I have just finished my second pair of Sasha Trousers from Closet Case Patterns, using one of our Spring Summer 2020 suitings – a tan stretch cotton blend. I’m very pleased with how they’ve turned out – lots of challenges in the fitting, construction and finishing so I have plenty to say!
There’s a lovely smooth face to the fabric which gives a polished look to the garment and the mid tan colour is complementary to my favourites – cool blues, berry, denim, and white.
With 97% cotton and 3% elastane, I had conservatively estimated 10% crosswise stretch. This is less stretchy than the navy stretch cotton twill I had used for the first pair, and admittedly less stretchy than the pattern suggested (!) so I was expecting to have to reduce the side seam allowances.
I made the pocket bags and bias tape made from a striped cotton shirting we picked up last summer as deadstock from a shirtmaking factory. I made a Saraste shirt dress from the Breaking the Pattern book by Named Clothing with this and had some left over in my stash. I knew it would be strong enough for pockets and I liked the tan, navy and white combination.
This was a stashbuster, notion-wise - always satisfying! A brown 6” zip came from my grandmother’s sewing box, a button came from my button box (a spare from something by Ted Baker), I'd previously bought a 3 pack of concealed closures, and the twill tape for stabilising the waistband came from my wee bag of tape. Threads came from my own stash or Claire’s – her husband dropped some through my living room window when he was out for his once-a-day exercise!
I made several metres of 2” wide bias tape, using the clever ‘continuous bias binding’ technique – there's a great tutorial by Colette Patterns here but I learnt this technique quite a few years ago when making piping for cushions. I love the efficiency of it and I'm surprised every time by how much it makes. I have a Prym 25mm bias tape gadget – it was about £14 which seemed pretty pricey to me when I bought it but it works perfectly every time and I can’t say the same for some of the cheaper ones I’ve bought (Hemline maybe?) so I think it was worth the money.
This was my second time making the Sasha trousers and I couldn’t fault the pattern itself, the very comprehensive instructions and the sew-along blog posts. The trousers are described as “featuring classic tailored details, a flattering mid-rise with a contour waistband, slim, tapered leg and a comfortable stretch fit”.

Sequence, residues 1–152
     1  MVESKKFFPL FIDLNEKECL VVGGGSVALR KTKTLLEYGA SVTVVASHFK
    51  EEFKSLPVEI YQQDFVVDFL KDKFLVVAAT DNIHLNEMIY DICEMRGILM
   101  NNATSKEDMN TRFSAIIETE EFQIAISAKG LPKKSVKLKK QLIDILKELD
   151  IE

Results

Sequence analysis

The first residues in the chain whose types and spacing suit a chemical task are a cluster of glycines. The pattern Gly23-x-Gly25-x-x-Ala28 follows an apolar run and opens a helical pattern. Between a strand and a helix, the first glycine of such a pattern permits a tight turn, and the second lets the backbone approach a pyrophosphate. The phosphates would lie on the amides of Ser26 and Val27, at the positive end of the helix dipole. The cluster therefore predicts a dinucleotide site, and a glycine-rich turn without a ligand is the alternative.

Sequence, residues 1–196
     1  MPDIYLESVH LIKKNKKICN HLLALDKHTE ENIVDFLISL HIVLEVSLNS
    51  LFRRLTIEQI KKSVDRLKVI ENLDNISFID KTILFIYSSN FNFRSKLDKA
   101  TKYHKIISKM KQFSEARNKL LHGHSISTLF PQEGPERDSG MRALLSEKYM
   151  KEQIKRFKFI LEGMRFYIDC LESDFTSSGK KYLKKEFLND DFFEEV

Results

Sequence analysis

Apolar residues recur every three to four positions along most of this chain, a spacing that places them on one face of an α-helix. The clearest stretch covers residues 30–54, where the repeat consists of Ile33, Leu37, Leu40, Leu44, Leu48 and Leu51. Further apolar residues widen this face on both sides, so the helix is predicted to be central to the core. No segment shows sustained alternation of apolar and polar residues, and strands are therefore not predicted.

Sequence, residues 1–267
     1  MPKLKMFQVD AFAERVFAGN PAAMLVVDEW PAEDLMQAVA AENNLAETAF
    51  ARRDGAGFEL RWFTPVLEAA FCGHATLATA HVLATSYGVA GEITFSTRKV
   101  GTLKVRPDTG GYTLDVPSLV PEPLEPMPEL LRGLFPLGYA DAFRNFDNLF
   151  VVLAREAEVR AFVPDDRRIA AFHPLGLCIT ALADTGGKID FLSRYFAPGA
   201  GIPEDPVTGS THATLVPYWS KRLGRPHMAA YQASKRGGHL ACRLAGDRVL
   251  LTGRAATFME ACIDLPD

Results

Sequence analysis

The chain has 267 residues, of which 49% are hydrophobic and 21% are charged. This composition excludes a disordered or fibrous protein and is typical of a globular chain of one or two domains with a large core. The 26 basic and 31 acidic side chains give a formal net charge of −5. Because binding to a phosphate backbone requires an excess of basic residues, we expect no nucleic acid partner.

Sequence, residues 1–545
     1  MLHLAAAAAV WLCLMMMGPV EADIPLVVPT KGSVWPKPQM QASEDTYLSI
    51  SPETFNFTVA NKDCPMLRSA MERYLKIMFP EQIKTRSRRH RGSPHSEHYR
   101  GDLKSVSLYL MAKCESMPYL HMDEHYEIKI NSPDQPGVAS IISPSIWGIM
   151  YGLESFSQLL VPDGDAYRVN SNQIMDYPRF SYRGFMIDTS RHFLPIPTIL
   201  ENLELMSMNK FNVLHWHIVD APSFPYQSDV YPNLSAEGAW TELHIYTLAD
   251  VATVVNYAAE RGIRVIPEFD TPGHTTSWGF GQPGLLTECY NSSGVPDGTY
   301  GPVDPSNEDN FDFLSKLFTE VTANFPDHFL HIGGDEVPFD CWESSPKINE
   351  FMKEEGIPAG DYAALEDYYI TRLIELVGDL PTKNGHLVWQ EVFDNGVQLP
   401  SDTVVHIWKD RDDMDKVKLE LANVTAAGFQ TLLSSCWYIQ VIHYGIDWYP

Having only made pyjama bottoms and culottes before, this was a big step up in trouser-making but knowing how much I would wear them was motivation enough for me to go for it. I think I’ve had at least one pair of ready-to-wear trousers like this in my wardrobe at all times in the last 15 years.
I made a low seat adjustment to the back crotch curve (Closet Case pants fitting guide) and added 2”/5cm in length to the legs. The instructions advise you to baste the legs and a waistband piece together before construction-proper to check the fit. I’m afraid I was a bit lazy at this step in that I only basted the outside leg seams from the waist to the knee notch. Based on this, I reduced the seam allowance from 5/8” top 3/8” and the fit was snug but okay. In retrospect, I really should have also basted the inner leg seams as the final construction ended up being much tighter fitting than I expected. Just when I think I have learned which corners to cut and which not to, something like this happens!!
This was, as expected, a very involved make. There are darts, welt pockets, slash pockets, a zip fly, bias binding, understitching, stitching in the ditch, French seams, top stitching … you get the picture! There are a few imperfections here and there, but overall I’m very pleased. Pfinnoula the Pfaff (my new Pfaff Quilt Ambition 2.0) was wonderful and dealt very well with some extremely bulky bits. She struggled a bit with the bar tack at the bottom of the fly top stitching but made up for it later with a very nice button hole on the waist.
Hand basting was recommended in the instructions for a few steps and I found this very worthwhile every time. I also hand basted the waistband facing down before stitching in the ditch to secure it. I have to admit that I am a total convert to hand basting – who even am I anymore???